Vermont’s Abenakis Seek Formal Tribal Recognition
By Eesha Wiliams, Reformer Staff
March 27, 2003
BRATTLEBORO — This year marks the 250th anniversary of the founding of European settlements in Brattleboro, Rockingham, and six other Windham County towns.
But local American Indians may not feel like celebrating the arrival of Europeans, said Abenaki Chief April St. Francis Rushlow. “Brattleboro and all of Vermont outside of Bennington County was our homeland for thousands of years,” she said. “People need to recognize that we still exist.”
According to the Census Bureau, in 2000 there were 2,453 Native Americans in Vermont and 88 in Windham County.
The Abenaki applied to the state for tribal recognition in the early 1970s. In 1976, then-Gov. Thomas Salmon approved their request, but one year later, then-Gov. Richard Snelling reversed Salmon’s decision.
In 1982, the Abenaki applied to the Bureau of Indian Affairs (BIA) for recognition, which could lead to the tribe getting some of their land back from the federal government.
BIA spokesman Daniel DuBray said there are 12 tribes ahead of the Abenaki on the queue of those waiting for formal recognition. DuBray said he “couldn’t possibly predict” when a response would be forthcoming.
Vermont Law School Professor of Law Bruce Duthu, an American Indian whose article about tribal recognition recently appeared in The New York Times Magazine, said: “The Abenakis have one of the strongest cases for federal recognition of any of the tribes in the queue. But the BIA cares a lot about the governor’s position on the tribe.”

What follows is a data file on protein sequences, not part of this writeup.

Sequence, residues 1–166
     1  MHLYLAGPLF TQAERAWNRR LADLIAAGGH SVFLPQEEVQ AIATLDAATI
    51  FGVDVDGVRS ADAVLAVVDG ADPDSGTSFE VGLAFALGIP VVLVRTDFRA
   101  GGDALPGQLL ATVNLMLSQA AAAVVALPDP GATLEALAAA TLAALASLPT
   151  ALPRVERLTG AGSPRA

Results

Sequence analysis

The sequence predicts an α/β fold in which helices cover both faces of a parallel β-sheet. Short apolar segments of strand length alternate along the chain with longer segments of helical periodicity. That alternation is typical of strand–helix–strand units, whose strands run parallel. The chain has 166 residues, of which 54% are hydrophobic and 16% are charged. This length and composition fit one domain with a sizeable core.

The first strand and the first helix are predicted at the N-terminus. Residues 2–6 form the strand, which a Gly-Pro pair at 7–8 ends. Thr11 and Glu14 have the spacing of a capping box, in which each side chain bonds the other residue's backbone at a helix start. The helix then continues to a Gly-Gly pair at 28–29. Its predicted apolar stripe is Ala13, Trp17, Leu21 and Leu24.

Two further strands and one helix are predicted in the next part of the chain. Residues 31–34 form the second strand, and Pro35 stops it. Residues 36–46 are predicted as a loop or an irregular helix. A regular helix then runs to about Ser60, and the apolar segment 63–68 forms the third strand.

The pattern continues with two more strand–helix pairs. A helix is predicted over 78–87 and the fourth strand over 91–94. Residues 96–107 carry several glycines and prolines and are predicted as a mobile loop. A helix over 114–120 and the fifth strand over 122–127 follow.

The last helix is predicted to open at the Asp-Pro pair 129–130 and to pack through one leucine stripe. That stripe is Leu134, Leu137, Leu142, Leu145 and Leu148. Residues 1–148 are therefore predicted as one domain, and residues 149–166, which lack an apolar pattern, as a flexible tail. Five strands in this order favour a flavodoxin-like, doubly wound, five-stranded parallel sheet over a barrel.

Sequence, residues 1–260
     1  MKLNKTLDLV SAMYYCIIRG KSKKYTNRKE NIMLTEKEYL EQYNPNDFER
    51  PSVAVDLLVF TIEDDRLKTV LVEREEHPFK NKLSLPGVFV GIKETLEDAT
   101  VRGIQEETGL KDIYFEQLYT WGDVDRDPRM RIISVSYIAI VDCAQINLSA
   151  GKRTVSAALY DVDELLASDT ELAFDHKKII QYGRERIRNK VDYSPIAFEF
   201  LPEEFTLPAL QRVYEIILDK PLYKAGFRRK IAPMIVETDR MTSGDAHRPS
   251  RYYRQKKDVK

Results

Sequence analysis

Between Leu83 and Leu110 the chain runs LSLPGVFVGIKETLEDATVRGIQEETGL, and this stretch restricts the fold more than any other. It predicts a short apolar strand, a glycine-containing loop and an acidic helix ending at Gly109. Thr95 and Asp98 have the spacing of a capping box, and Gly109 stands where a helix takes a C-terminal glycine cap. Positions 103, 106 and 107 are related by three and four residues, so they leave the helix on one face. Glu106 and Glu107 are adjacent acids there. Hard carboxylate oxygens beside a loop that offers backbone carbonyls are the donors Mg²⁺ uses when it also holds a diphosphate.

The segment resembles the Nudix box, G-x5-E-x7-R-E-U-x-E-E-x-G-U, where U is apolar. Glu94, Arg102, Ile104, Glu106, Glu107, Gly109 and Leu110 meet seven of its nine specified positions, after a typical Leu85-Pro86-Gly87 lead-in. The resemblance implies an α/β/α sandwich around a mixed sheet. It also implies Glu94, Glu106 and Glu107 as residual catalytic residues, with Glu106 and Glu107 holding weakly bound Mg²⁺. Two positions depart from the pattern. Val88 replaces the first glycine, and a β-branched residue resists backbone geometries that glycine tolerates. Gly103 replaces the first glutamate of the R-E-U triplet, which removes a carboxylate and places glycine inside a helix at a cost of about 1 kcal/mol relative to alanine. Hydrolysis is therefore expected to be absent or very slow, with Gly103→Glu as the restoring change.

Gov. James Douglas’ spokesman, Jason Gibbs, referred questions about the Abenaki’s recognition request to Attorney General William Sorrell.
Sorrell’s spokeswoman, Ruth Hooker, referred to a 254-page report Sorrell issued in January, “State of Vermont’s Response to Petition for Federal Acknowledgment of the St. Francis/Sokoki Band of the Abenaki Nation of Vermont.”
The report urges the BIA not to recognize the Abenaki. “On the four criteria for federal acknowledgment examined, the evidence raises serious questions about the existence of a tribe of Abenakis in Vermont who are a continuation of the historical Abenakis,” Sorrell wrote. “The presence of serious questions regarding the evidence on all four of them requires a finding against federal acknowledgment.”
A recent Washington Post article about the Abenaki’s application for tribal recognition quotes from a 1776 history of Quebec that says the Abenaki have lived in the area “since time unknown to any of us here.”
Archaeological records prove the Abenaki have lived in the Brattleboro area for at least 10,000 years, said Richard Ewald, director of development for the town of Rockingham and a historian who has studied the Abenaki.
“Many Native Americans in Vermont have chosen to assimilate and have essentially disappeared,” he said.
Dartmouth College History Professor Colin Calloway estimates in his book “Western Abenakis of Vermont, 1600-1800” that there were 90,000 Native Americans in New England in 1600, and only 93,000 Europeans in New England in 1700.